Hyloscirtus hillisi is a dark mottled brown in coloration with tiny yellow spots found on its front and hind legs.
A new species of treefrog has been discovered in the eastern Andes mountains of Ecuador that is unique from other tree frogs in that it has a claw-like structure at the base of its thump. Researchers speculate that the structure is used as a defense against predators or to fight off competing males.
Gustavo Pazmiño, BIOWEB Ecuador
Adult Hyloscirtus hillisi.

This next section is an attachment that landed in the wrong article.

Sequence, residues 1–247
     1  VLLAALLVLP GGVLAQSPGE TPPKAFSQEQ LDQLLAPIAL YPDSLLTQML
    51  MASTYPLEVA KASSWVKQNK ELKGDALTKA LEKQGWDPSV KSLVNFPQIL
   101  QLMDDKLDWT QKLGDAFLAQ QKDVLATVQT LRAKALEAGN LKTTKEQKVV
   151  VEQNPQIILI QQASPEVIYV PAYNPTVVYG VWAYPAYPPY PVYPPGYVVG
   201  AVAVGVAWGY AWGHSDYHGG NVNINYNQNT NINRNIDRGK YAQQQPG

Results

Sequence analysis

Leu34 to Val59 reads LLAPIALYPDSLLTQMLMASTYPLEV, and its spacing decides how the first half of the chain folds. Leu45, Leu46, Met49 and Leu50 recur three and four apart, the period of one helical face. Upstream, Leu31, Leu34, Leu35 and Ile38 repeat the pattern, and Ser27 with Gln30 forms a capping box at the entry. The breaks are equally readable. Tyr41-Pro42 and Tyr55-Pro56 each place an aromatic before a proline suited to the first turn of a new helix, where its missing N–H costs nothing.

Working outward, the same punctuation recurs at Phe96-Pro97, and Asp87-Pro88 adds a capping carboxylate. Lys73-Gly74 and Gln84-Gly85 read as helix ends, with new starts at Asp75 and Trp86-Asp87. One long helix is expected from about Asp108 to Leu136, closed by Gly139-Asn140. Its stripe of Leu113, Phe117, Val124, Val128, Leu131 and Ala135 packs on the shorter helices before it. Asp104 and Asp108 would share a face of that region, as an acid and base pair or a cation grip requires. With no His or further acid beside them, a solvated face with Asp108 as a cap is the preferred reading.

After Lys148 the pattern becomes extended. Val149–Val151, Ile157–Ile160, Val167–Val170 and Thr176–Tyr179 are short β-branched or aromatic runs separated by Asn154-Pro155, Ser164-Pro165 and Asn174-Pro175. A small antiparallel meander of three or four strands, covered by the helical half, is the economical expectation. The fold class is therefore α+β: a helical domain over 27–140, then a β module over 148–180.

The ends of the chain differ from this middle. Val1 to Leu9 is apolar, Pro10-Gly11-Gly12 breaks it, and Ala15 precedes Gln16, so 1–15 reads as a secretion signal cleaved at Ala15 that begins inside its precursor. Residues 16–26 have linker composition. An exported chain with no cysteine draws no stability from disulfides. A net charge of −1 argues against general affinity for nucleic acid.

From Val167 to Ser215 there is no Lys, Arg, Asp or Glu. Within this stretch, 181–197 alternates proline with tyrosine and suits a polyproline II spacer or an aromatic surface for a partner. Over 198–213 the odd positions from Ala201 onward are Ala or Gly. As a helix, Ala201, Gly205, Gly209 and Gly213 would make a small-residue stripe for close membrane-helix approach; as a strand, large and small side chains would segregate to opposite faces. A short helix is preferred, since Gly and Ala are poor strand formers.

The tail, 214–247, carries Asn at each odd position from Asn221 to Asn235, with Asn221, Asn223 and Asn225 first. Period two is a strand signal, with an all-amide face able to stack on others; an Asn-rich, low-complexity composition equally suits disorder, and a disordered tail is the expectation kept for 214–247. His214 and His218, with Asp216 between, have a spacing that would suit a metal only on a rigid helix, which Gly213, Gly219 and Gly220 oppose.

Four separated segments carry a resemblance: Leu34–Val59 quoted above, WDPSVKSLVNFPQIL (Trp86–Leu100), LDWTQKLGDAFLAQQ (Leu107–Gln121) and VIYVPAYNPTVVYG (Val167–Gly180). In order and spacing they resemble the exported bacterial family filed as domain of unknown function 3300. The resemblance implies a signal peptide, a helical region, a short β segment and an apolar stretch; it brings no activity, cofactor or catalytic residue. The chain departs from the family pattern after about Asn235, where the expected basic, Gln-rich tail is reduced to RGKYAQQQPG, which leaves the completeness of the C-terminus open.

The frog, discovered and described by biologists (Santiago R. Ron, Marcel A. Caminer, Andrea Varela-Jaramillo, Diego Almeida-Reinoso) from Universidad Católica del Ecuador, is a dark mottled brown in coloration with tiny yellow spots found on its front and hind legs as well as its back and head.
The amphibian’s name, Hyloscirtus hillisi, is named after Dr. David Hillis, an American who in the 1980s discovered three closely related frogs of the same genus. It is the latest in a group of 16 frogs that can be found in cascading Andean streams.
According to researchers, the frog is already at risk of extinction due to a large scale Chinese mining operation in the small distribution range in which it lives. The complete paper describing Hyloscirtus hillisi can be read on the ZooKeys website.